If Beale Street Could Talk (Hulu): Based on the James Baldwin novel, this Barry Jenkins film centers on the love between an African American couple whose lives are torn apart when the man is falsely accused of a crime.

Blindspotting (Hulu with Cinemax): Collin needs to make it through three more days of probation, and his relationship with his best friend is tested after he sees a cop shoot a suspect during a chase.

The Last Black Man in San Francisco (available to rent): A young black man dreams of reclaiming his childhood home in a now-gentrified neighborhood in San Francisco.

Fruitvale Station (available to rent): Written and directed by Ryan Coogler, the biographical film tells the story of Oscar Grant III, who was killed by a white police officer in 2009.


Selma (available to rent): Directed by Ava Duvernay, the historical drama follows civil rights demonstrators in 1965 as they marched from Selma to Montgomery.

The Hate U Give (Hulu with Cinemax) -- Based on the young adult novel by Angie Thomas: The story follows Starr Carter's struggle to balance the poor, mostly black neighborhood she lives in and the wealthy, mostly white school she attends. Things become more complicated after she witnesses a police officer killing her childhood best friend.

16 Shots (Showtime): This documentary investigates the 2014 shooting of 17-year-old Laquan McDonald in Chicago.

Rest In Power: The Trayvon Martin Story (Paramount): This six-episode series follows the life and legacy of 17-year-old Trayvon Martin, who was fatally shot in 2012 in Sanford, Florida.

America to Me (Starz): The documentary series provides a look into a year at Chicago's Oak Park and River Forest High School, one of the nation's top performing and diverse public schools.

Wyatt Cenac's Problem Areas (HBO): Comic and writer Wyatt Cenac explores the police's excessive use of force in black communities and discusses solutions with experts in this late-night talk/comedy series. The show is currently free to watch on YouTube.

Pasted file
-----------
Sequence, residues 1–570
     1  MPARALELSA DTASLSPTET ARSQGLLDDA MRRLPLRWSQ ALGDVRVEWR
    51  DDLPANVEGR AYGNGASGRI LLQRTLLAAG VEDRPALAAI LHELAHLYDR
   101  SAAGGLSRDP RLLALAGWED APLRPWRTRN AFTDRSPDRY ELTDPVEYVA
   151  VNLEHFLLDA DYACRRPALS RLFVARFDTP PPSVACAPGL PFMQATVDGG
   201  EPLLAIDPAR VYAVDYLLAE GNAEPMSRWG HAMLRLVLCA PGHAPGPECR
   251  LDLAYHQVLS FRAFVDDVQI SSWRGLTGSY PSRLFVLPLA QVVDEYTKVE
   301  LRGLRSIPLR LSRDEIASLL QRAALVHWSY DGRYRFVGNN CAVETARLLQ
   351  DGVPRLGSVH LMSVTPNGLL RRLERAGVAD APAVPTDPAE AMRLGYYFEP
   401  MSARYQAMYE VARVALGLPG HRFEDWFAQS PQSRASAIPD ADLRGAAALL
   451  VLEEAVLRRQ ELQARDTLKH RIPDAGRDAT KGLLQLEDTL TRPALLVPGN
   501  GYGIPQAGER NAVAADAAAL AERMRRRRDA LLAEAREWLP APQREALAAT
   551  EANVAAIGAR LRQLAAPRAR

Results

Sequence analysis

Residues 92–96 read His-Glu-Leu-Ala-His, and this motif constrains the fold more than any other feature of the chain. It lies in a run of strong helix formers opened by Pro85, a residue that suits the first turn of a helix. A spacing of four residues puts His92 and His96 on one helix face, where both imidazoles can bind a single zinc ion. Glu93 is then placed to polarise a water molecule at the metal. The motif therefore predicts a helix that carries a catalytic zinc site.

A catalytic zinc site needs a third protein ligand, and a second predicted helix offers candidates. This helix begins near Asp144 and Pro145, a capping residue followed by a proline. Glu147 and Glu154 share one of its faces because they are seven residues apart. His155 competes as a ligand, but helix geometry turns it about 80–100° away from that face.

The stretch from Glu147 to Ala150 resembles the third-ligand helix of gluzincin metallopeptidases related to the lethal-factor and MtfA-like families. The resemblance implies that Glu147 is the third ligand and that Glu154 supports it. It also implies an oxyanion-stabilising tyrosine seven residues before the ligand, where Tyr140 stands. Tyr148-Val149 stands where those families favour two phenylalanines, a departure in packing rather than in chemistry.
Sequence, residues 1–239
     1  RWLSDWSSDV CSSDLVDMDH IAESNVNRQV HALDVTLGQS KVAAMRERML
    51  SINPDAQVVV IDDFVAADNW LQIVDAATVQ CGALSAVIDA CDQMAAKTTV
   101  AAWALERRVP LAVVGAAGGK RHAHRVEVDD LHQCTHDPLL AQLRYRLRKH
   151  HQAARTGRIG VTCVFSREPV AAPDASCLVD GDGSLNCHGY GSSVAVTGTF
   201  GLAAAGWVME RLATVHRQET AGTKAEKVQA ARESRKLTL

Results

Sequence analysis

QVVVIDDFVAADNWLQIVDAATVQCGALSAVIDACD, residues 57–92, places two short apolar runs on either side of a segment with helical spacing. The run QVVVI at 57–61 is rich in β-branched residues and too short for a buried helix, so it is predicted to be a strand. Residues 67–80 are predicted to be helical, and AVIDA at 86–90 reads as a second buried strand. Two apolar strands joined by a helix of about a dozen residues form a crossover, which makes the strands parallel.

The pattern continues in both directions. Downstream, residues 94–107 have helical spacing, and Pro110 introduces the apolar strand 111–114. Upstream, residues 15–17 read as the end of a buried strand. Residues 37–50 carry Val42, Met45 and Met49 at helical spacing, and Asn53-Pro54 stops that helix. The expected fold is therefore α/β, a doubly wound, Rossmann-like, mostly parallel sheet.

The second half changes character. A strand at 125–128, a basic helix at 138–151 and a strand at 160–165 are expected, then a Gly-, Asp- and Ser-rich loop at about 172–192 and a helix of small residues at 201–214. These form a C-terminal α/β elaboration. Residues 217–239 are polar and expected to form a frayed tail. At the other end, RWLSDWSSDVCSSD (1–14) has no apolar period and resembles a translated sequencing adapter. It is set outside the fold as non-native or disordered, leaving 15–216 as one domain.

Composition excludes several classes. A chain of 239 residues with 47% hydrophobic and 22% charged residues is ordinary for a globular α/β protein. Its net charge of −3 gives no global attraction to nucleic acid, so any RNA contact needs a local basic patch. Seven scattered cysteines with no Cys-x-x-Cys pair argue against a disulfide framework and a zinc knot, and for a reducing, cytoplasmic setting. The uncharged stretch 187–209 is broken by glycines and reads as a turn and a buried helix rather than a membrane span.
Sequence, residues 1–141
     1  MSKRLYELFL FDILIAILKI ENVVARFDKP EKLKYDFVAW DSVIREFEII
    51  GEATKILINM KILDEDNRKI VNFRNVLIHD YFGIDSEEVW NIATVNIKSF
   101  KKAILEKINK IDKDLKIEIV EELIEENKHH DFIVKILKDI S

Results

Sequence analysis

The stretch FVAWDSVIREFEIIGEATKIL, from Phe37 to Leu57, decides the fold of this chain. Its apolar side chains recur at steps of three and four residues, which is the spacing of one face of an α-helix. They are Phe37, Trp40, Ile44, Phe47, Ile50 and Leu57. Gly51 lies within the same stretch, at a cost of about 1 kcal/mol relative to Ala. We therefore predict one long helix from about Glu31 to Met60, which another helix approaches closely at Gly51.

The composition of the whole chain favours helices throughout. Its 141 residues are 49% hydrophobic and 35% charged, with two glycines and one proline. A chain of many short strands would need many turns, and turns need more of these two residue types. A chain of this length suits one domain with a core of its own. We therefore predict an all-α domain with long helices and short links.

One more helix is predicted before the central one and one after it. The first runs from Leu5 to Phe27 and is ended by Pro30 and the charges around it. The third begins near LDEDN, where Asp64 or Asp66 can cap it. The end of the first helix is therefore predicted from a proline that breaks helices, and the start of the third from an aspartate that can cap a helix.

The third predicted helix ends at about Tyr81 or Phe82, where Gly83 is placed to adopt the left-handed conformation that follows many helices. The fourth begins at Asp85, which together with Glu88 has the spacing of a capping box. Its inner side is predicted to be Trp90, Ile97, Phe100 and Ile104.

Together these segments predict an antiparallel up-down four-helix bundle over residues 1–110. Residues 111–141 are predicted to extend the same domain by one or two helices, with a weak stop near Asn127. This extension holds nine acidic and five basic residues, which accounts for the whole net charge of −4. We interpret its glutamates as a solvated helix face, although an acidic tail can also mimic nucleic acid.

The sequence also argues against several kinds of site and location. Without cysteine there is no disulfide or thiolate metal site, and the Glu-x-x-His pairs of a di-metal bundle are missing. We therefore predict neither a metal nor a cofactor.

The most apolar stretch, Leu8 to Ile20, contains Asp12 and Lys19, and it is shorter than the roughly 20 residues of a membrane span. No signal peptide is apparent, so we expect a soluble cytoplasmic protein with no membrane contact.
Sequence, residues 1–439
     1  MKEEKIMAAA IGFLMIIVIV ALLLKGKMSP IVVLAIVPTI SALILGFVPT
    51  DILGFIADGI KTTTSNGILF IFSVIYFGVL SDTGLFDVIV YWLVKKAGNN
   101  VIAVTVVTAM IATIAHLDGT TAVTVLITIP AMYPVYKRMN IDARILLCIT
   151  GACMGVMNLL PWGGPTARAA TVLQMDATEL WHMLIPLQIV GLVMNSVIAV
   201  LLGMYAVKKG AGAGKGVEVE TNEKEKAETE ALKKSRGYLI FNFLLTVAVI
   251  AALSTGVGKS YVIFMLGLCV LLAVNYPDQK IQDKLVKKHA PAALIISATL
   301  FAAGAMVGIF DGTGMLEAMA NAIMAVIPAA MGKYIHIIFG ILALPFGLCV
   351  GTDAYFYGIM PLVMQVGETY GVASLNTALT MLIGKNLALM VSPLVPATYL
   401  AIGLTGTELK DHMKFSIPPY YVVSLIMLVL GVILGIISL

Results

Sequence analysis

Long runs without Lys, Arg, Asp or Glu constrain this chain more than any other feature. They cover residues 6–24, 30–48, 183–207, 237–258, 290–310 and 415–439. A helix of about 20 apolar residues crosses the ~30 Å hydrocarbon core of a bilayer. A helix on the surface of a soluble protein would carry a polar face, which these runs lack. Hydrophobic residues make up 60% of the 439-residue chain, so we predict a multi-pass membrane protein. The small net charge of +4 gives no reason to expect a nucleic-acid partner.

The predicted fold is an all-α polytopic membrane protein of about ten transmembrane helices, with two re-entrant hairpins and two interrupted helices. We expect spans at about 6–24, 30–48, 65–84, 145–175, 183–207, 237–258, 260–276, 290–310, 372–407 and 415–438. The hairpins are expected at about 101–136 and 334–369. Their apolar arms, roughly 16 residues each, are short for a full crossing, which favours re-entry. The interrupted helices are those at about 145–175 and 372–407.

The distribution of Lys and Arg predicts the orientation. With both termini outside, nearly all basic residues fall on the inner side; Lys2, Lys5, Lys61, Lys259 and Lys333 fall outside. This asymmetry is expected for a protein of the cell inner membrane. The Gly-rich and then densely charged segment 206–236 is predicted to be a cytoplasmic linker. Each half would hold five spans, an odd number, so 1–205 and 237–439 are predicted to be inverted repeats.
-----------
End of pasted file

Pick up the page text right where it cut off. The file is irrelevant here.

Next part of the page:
Do the Right Thing (available to rent): Salvatore "Sal" Fragione, an Italian owner of a pizzeria in Brooklyn, and neighborhood local Buggin' Out butt heads after Buggin' Out becomes upset that the restaurant's Wall of Fame only shows Italian actors. Tensions flare up as the wall becomes a symbol of racism and hate to others in the neighborhood. 

BlacKkKlansman (HBO Max): Ron Stallworth, the first African-American detective to work in the Colorado Springs Police Department, sets out to infiltrate and expose the Ku Klux Klan.

The Wire (HBO): This show explores Baltimore's narcotics scene from the perspectives of both law enforcement and drug dealers and users.

Black Lives Matter: Movies and TV show that put racism in the spotlight

See all photos

Children's books

It's Okay to Be Different by Todd Parr: This book shares the importance of acceptance, understanding and confidence.


Malcolm Little: The Boy Who Grew Up to Become Malcolm X by Ilyasah Shabazz: Written by Malcolm X's daughter, this book tells the story of the boy who became one of the most influential leaders.

Let's Talk About Race by Julius Lester: Lester tells his story and discusses what makes us all special.

The Undefeated by Kwame Alexander: The award-winning picture book, based on a poem by Alexander and with illustrations by Kadir Nelson, chronicles the struggles and triumphs of black Americans.